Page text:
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Converting Ruby 1.9 Bytecode to Python

By Peter Cooper / May 5, 2008


Never one to let us down on the ingenuity front, Why The Lucky Stiff (author of the Poignant Guide and creator of Shoes) is busy working on a system that can convert Ruby 1.9 bytecode to Python bytecode (and from there into regular Python by way of Python's decompilation facilities). It's exactly the sort of thing that could take off with more eyes looking at it, and Why has made it available on GitHub. This technique isn't likely to unite Python and Ruby in any deep and meaningful way (to the point of a shared interpreter), but the research and experiments involved are worth a try.


  1. Geoffrey Grosenbach says:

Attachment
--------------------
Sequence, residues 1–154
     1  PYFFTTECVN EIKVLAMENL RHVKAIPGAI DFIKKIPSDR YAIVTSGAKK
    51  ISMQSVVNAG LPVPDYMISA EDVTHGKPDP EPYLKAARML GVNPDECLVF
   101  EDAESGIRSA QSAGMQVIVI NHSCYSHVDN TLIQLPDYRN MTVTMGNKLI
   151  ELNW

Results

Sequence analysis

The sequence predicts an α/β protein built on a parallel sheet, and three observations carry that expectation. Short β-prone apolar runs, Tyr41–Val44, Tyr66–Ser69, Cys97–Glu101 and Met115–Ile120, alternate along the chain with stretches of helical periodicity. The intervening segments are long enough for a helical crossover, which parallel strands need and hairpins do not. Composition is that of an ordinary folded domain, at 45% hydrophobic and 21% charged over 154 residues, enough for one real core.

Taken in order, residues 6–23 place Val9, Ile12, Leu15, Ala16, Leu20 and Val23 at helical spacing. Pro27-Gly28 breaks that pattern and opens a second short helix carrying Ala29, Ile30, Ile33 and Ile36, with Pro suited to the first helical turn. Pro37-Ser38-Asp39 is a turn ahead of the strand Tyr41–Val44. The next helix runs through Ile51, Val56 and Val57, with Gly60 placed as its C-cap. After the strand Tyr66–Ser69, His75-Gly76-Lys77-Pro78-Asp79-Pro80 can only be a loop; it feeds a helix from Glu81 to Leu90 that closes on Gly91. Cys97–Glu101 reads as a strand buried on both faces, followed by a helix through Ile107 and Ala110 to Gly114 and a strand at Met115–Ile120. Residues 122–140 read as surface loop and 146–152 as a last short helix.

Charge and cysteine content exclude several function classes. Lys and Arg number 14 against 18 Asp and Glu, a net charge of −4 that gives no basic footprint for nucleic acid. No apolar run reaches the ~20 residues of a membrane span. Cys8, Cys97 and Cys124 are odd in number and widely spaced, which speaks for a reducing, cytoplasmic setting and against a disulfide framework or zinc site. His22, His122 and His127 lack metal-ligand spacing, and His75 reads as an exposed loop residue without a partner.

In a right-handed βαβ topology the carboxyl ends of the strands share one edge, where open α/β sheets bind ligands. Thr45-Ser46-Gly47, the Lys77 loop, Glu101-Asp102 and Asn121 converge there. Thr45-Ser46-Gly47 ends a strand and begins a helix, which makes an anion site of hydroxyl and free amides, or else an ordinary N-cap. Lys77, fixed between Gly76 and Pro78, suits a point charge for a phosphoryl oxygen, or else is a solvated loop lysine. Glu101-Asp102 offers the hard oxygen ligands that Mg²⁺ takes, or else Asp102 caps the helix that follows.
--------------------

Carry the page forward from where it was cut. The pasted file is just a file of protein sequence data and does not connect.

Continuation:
I've often wondered why projects like YARV and Rubinius use their own bytecode format. Even if they hope to optimize for Ruby, there may be other benefits to using bytecodes for an existing VM, such as JRuby has done.

  2. Peter Cooper says:

    I'd say there's not a great advantage to using existing bytecode formats if your virtual machine is going to act in a substantially different way to others. The JVMs instruction set, for example, is all stack-based, whereas Parrot's is register-based (more x86 like). I'm not sure what route YARV and Rubinius have taken but imagine there are enough differences to make it worthwhile starting with a fresh bytecode format.

    It seems, however, that Python and Ruby could certainly be closer given the similarities between their virtual machines..

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